But I would say, whether I'm coming home or going out, I would always say, "Hello, Maggie." Coming home from school or whatever, playing with the kids, I would say, "Hello, Maggie." And one day that bird said, "Hello, Maggie." I said, "Oh, no, no. Is there somebody around? Somebody playing tricks on me?" So I went to the bird, we were face to face with each other, and I said, "Hello, Maggie," and the bird said, "Hello, Maggie." So I went and told my friends. "You're a big liar." "Well, come and see for yourself." Well, the bird said, "Hello, Maggie." Well, next thing you know, the word got out. The whole camp knew that there was one bird that could talk. So people would come visit, whether it was young, old, regardless of the age, it was fascinating. Well, what else is there to do? Next thing you know the bird started using other words like, "Come on, Maggie." "What you doing?" Or, "Baka," which means "stupid" in Japanese. Ohayo means "good morning," so it would say, "Ohayo." It whistled. The catcall was amazing. And what my mother used to observe was a pretty girl would be walking by and it would make a beautiful catcall, wolf call, rather, and the girl would turn around, look around to see what guy is calling. Well, it's the bird. Can't see the bird in the cage. But it could whistle any tune that you give him, and it will mimic you. And we put a bowl of water in there, it just loved to take a bath. When the Troop 333 would meet in front of my house, barrack, the bird felt it was part of the troop.

And then what was interesting about it was my stepfather said, "You know, if we clip the wings, I mean, the feathers, it's can't fly away." And we were afraid if it fly away, it couldn't survive, it was too domesticated, it wouldn't know to hunt, the instinct is gone. And so... and plus that, it'd be too friendly with other animals. It would go to the other animal and it would eat him. So we cut the wings, and it would go between our barracks. And it would socialize, it'd go from one stairway to the next. But in the middle, across from where we live, there was too elderly ladies that used to sit and talk in Japanese, and laugh and talk and laugh, and next thing you know, Maggie's in the middle of the two ladies, and you'd swear there was three old ladies laughing and talking. It was so comical, everybody used to laugh at them, including the bird. On the end there was a gentleman that had a little dog, and Maggie was not afraid of the dog. That dog was afraid of the bird because it would chase the dog. And once in a while, Maggie would move to the next barrack and get confused, because, gee, you know, they all look alike, I mean, the barracks. So all of a sudden you see a man say, "Come on, Maggie," and it would follow the man all the way back to our premises between our two barracks.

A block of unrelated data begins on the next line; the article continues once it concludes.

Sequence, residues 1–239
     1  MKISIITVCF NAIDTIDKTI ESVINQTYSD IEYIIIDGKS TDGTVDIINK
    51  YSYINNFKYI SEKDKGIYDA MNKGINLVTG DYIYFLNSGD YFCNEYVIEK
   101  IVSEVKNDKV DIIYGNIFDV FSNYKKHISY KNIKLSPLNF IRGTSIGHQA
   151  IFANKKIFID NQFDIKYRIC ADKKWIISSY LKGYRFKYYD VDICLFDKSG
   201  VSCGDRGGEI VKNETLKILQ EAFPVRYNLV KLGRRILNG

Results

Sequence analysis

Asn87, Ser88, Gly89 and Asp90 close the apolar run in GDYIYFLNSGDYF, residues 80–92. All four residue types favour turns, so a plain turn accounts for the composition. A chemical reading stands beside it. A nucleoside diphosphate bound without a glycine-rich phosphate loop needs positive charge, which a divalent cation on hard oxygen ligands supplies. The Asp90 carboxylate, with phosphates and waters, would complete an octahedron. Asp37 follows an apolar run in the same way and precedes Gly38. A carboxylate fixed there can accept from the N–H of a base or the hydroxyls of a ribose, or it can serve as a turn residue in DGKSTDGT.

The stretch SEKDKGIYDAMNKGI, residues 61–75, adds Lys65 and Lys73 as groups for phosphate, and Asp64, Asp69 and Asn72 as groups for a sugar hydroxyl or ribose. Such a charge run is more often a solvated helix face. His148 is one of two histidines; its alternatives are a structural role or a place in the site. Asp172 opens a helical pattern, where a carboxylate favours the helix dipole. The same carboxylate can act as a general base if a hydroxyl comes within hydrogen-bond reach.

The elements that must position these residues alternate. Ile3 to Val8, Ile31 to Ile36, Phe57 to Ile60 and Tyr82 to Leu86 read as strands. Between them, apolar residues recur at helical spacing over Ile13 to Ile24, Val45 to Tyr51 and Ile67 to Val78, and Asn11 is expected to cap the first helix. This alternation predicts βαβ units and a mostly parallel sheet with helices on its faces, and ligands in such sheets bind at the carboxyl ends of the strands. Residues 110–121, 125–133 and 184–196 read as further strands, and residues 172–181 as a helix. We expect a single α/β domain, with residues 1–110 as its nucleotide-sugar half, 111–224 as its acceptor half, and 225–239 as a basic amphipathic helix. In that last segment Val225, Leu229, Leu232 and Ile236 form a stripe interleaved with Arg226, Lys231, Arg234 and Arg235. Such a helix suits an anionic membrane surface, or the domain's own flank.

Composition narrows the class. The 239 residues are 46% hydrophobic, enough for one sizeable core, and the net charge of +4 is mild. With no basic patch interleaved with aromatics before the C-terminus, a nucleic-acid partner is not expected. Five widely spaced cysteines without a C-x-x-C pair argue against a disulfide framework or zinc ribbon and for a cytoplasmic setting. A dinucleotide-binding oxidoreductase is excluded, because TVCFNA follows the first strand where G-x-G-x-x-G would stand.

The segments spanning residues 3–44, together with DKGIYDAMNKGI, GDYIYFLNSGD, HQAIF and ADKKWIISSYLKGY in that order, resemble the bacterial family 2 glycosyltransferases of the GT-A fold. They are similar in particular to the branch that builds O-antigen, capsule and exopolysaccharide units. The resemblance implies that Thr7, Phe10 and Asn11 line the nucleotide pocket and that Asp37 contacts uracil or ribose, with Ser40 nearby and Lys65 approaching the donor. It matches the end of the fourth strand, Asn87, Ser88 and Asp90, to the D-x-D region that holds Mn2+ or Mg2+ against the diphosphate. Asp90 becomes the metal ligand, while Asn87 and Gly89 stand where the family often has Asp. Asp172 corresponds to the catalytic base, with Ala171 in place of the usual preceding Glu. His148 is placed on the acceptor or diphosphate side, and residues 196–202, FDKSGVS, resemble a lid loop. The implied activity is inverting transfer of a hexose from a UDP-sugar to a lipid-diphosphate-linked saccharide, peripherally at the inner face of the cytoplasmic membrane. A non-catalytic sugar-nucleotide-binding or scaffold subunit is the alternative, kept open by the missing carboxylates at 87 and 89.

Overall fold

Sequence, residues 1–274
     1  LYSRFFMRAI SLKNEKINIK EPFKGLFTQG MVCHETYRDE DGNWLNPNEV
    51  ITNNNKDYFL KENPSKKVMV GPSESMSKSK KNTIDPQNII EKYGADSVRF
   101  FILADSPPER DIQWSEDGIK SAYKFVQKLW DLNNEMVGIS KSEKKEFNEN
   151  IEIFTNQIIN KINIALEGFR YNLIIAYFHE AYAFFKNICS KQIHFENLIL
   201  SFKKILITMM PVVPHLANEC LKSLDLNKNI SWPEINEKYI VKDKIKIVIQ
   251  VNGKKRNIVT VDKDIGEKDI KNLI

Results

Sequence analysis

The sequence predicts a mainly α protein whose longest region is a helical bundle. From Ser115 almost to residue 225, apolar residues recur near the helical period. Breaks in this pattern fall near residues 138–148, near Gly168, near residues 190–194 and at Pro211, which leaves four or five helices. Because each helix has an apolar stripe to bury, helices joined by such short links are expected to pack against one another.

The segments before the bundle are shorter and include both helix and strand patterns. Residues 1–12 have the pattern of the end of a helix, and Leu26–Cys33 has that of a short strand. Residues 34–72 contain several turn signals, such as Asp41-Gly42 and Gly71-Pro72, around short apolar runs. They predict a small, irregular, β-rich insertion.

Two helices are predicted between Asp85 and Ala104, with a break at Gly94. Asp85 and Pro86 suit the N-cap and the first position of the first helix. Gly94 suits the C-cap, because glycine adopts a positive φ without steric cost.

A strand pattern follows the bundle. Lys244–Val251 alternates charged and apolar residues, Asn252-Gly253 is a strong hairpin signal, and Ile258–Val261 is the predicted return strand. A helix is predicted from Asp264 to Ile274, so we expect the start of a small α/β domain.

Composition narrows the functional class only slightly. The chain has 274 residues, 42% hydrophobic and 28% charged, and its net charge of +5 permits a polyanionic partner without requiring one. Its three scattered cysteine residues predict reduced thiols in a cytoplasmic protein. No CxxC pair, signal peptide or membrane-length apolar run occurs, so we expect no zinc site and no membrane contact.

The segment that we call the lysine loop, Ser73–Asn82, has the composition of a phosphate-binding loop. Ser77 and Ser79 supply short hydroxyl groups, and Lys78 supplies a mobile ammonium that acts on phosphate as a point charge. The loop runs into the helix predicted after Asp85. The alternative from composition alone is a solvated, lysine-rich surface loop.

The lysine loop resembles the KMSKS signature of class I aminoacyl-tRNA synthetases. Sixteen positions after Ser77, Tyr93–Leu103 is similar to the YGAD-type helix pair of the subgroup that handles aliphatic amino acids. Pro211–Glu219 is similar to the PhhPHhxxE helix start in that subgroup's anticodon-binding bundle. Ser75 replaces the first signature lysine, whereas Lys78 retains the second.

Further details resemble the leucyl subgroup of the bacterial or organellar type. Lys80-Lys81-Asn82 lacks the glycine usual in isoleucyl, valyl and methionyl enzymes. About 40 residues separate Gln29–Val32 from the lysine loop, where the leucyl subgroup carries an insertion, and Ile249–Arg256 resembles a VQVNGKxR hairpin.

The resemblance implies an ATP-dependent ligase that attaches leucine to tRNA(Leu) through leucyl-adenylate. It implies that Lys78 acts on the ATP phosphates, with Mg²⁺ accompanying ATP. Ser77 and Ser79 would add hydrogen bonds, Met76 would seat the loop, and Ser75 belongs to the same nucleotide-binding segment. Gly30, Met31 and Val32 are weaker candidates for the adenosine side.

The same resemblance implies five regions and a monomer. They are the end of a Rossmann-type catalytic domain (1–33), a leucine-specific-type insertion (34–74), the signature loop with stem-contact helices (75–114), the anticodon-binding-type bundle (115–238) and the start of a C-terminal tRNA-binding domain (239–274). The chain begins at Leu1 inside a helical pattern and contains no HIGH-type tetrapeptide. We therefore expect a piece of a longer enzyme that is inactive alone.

So that magpie was really a charming bird, everybody knew about her, and it was my best friend. But I think probably... not probably, it was, August the 14th, 1945. It was a windy day and we were playing basketball outside of Block 7, and where we shoot, if the basket is over here, we would shoot way over here with the hopes that the wind would carry the ball towards the backboard. Knowing that it's impossible to make it because it's so windy. And we heard the siren go off for the first time at Heart Mountain. Not just once, but maybe for half an hour. And as I told you before, we watched the newsreel and we knew that the war is coming to an end. And so we said the war ended, assuming that's what the siren was about. We laid on the ground, tears in our eyes, laughing, now we get to go home. And it was so windy, there was a little whirlwind, looked like a little miniature tornado, and we could look up. And of course my hair was full of dirt or sand, and we didn't care, we were that happy.

So now the WRA suggested and recommended, "We're gonna close. We'll give you twenty-five dollars per person, you could take a free train trip to any destination in the United States and go as soon as possible." Well, every week, not the train station, we would go to the railroad, because there was no station, there was just a railroad. We would go there and we would see hundreds and hundreds of people departing. And we would say, "Bye, good luck," and whatnot, and they would be laughing and smiling. And then when we turned around, going back to our barracks, it was the loneliest feeling. The camp started to become like a ghost town, and the mess halls started to close, consolidating. Where at one time there were sixty mess halls, now it's twenty, now less than that. Now we had all the privacy we wanted in the shower room or the bathroom, but it was very lonely. So Maggie and I had quality time, and we would talk. "You know, when we get to San Francisco, we don't know whether we could actually have, the city ordinance might not allow you to be in the city. Maybe we might donate you to the Fleishhacker Zoo. That way I could come and visit you every weekend. And not only that, you have entertained all these internees at Heart Mountain, now you could entertain all the people from all over the world that comes to visit. Because how many birds could whistle and talk and make a fool out of themselves and making a fool out of the other people?"